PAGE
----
St. Luke painted this Icon of Mary (about the year 60 AD) while she was staying with St. John the Apostle. According to tradition, when St. Luke “wrote” the Icon, he accurately rendered the Blessed Virgin’s authentic facial features.
The Icon was written directly onto a three foot by five foot cedar plank, believed to be part of a table that Jesus had originally hand crafted during his time in Nazareth. When Mary went to stay with St. John, in Ephesus (a town located in southwestern Turkey) the table evidently made the trip, as well.
Lost for over 200 years, the Icon was discovered by St. Helena (mother of Emperor Constantine) in Jerusalem, buried near the True Cross, on or about the year 326 AD.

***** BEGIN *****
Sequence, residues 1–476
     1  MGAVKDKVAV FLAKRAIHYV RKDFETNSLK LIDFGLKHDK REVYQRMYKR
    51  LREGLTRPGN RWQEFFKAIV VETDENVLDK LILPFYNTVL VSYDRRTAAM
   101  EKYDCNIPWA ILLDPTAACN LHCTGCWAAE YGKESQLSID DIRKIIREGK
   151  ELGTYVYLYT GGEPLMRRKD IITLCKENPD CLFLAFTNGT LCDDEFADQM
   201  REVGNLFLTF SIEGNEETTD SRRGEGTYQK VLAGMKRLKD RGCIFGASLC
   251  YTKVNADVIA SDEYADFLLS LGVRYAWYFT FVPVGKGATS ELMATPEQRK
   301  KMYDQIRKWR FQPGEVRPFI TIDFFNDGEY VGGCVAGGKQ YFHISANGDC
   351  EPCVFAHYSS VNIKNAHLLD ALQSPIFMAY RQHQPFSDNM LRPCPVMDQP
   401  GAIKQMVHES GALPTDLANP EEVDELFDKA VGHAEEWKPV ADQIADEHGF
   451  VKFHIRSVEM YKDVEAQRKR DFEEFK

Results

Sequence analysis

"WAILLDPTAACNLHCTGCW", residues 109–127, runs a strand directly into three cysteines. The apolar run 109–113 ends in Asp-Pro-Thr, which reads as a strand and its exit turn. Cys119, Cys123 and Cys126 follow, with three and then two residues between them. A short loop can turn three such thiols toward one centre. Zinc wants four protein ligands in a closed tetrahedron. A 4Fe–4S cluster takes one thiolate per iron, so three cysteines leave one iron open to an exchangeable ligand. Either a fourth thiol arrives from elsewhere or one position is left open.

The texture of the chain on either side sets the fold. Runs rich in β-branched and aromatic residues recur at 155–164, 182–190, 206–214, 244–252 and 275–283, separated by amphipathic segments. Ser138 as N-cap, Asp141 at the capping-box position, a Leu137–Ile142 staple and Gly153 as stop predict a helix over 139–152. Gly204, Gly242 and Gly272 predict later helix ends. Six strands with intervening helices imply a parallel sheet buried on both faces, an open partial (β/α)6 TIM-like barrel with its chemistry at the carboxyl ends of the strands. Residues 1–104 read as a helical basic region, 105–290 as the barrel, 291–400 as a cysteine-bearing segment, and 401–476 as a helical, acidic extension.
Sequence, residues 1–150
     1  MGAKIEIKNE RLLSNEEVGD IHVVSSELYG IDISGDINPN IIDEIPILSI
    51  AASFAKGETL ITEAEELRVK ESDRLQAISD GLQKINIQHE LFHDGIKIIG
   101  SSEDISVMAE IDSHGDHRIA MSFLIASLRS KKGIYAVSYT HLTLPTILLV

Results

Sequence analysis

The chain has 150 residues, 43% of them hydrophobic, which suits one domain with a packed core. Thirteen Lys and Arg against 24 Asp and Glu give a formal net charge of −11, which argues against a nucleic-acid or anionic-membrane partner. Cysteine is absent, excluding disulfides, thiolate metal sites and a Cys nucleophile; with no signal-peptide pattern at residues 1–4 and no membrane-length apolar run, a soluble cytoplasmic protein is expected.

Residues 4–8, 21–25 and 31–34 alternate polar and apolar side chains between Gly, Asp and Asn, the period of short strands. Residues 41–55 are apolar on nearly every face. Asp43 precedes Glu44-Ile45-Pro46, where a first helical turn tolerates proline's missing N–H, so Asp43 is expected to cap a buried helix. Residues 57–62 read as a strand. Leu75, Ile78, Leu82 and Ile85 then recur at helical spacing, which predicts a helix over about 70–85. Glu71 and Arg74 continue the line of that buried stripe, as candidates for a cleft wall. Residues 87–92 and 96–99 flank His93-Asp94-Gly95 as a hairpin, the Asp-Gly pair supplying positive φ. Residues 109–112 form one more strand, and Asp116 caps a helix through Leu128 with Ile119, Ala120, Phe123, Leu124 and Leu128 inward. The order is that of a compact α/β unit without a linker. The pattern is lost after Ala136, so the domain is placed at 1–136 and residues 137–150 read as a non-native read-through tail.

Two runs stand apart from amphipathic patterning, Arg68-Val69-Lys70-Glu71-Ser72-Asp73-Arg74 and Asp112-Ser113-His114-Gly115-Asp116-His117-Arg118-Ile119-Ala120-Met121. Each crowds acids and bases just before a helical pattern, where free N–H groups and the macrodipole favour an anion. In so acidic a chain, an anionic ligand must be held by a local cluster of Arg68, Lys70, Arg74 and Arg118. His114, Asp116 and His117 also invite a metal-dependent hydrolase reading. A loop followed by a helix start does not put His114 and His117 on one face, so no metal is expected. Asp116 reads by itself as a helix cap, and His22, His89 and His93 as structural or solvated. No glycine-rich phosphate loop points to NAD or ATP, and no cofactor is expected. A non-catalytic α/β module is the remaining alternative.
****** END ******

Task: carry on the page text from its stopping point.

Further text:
The title of the Icon is Salus Populi Romani (“Protectoress of the Roman People”). It is the only major Icon attributed to Saint Luke (who is also the writer of the Gospel bearing his name, “the Acts of the Apostles” and most of St. Paul’s epistles.)
St. Luke is also believed to have been a physician (medical doctor).
Tradition and history informs us that St. Luke’s Icon has resided in St. Mary Major Basilica, Rome, for about 1,700 years.